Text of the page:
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Supervision Intervention Strategies

Recruitment and Retention Toolkit   Supervision Intervention Strategies   Culturally Competent Supervision [2.8.12]   Bridging Cultural Barriers through Building Trust [2.8.12.a]

Bridging Cultural Barriers through Building Trust [2.8.12.a]

To promote culturally competent workplaces, supervisors need to build bridges through creating trusting environments where all staff feel respected and treated as valuable team members. This can be a challenge in workplaces where people of different cultures are not accustomed to working together and may bring with them long-held biases and stereotypes. Some workers may misunderstand or misinterpret others’ behaviors or intentions due to cultural differences.

In her article, Building Cross-Cultural Trust with Subordinates, Peers and Customers, diversity consultant Tracy Brown highlights the role of organizational leaders valuing diversity and building trust across diverse workforces in today’s successful organizations. She presents four factors in building cross-cultural trust, which can serve as useful guidance to supervisors:
  • Pay attention to the impact of culture on communication;
  • Pay attention to the impact of culture on assumptions you make about character:
  • Pay attention to the impact of culture on the learning and demonstration of competence in work teams; and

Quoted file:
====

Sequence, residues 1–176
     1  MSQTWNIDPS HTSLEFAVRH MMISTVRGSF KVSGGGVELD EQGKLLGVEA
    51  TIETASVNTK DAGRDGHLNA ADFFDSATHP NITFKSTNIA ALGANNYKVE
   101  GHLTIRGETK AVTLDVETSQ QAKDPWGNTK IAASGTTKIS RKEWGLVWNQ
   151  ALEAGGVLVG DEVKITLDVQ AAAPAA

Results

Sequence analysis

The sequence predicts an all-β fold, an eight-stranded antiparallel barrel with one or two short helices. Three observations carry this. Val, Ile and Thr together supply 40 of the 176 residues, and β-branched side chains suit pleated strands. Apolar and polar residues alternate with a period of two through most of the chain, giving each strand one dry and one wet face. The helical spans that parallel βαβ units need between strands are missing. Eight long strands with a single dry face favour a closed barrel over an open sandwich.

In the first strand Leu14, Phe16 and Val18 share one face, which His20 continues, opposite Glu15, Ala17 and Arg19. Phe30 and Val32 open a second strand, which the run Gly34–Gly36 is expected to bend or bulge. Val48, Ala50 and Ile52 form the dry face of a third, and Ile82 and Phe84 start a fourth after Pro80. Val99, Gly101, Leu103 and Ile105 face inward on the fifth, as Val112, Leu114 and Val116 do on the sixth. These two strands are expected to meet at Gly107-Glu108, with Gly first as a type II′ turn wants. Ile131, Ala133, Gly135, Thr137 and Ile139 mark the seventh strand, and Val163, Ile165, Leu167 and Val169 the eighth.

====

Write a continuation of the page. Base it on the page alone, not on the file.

• Create work environments where everyone is valued and can make a contribution.
According to a review of the research literature on organizational cultural competence in Cultural Competence: A Literature Review and Conceptual Model for Mental Health Services[1] “cultural competence occurs when there is compatibility among four important factors: community context, cultural characteristics of local populations, organizational infrastructure, and direct service support.” These factors are summarized in Data Trends August 2009.

Cultural Differences in Engagement Survey: Although the research by Sirota Survey Intelligence, specialists in attitude research, was completed in the corporate world, it provides a snapshot of 800,000 employee responses over the last five years concerning cultural engagement and work attitudes. A summary is available.

[1] Hernandez, M., Nesman, T., Mowery, D., Acevedo-Polakovich, I. D., & Callejas, L. M. (2009). Cultural competence: A literature review and conceptual model for mental health services. Psychiatric Services, 60(8), 1046 – 1050.

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